A little something extra: a hilarious comedy… about disability (review)

Artus: “I was clearly told that people did not want to see disabled people in the cinema”

With A little thing in addition, a hilarious comedy about disability, he enjoyed phenomenal success in theaters. We met him the day before the release of his first feature as a director.

Does your desire to direct go back a long way?

Artus : I think I always had this idea in the back of my mind. But for a long time, I didn't consider it because I saw it as an inaccessible profession. Until the experience I had on certain shoots as an actor made me say… that deep down I could do better! (laughs)

How was the idea of ​​a comedy featuring characters with disabilities born?

I've been ranting on this subject for a very long time. So when I started to think about a film featuring these somewhat atypical actors, I couldn't see myself giving it to anyone else. In any case, I felt justified in it. And when we embark on a first film, we say to ourselves… that it will perhaps be the last! So I tried to put in everything that suited me and pleased me. And I found it crazy that so few people had wanted to go into this field before because people with disabilities have such an imagination that I knew that what they were going to give me in front of a camera was going to be crazy. .


We also imagine that if so few filmmakers have ventured into this area, it is also because they may have had difficulty finding financing, right? How did that happen for you?It was indeed complicated. What surprised me the most was how openly I was told things: that people didn't want to see disabled people in the cinema! These interlocutors did not even try to cover all this behind false excuses. We wanted to finance my first film but not with this population! But it's a blessing in disguise because, in the end, I was able to count on the best possible partners who offered me the means to make this film and who invested fully. Because A little something extra could never have seen the light of day without a united team.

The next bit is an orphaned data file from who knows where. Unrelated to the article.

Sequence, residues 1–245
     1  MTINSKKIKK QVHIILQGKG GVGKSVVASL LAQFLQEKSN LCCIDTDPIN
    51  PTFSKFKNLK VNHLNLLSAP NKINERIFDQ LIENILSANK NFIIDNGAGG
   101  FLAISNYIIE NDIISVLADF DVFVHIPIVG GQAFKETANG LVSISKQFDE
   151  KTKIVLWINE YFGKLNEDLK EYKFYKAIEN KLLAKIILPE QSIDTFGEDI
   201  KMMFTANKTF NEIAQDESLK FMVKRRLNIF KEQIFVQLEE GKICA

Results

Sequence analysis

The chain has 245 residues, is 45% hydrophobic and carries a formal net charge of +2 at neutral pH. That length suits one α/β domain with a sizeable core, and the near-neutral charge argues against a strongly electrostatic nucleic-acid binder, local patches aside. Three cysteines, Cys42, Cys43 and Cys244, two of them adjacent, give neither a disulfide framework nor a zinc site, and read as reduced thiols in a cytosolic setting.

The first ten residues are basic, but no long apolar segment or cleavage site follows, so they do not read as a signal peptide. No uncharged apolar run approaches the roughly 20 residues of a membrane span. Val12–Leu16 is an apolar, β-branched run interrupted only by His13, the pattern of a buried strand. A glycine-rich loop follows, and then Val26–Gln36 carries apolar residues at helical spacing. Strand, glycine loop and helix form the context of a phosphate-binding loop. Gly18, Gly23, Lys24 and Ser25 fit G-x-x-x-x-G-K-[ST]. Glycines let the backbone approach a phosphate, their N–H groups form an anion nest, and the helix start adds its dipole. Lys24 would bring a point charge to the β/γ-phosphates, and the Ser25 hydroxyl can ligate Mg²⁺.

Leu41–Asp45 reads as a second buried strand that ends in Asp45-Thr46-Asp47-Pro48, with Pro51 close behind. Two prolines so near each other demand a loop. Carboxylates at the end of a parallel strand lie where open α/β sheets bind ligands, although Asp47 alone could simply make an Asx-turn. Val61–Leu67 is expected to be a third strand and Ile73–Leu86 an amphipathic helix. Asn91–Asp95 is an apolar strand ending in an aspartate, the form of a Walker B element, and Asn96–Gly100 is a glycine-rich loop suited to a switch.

How did you construct the structure of this story?

I had first imagined this film as a chronicle like our happy days. And then, the character of Sylvain who was born on stage took up space, gained momentum. And I said to myself that it was logical to integrate it into this story while being afraid that we would fall into a “ big comedy.” I didn't want it to damage the performance of actors with disabilities. The first big job was therefore to find the right balance. And to make this story of the robbery of Sylvain and his father who in the process pass for a disabled person and his educator a simple starting point for the film to really start on the bus on the way to the summer camp in the first exchanges between the characters, who are truly disabled.

How did you recruit this group of incredible actors?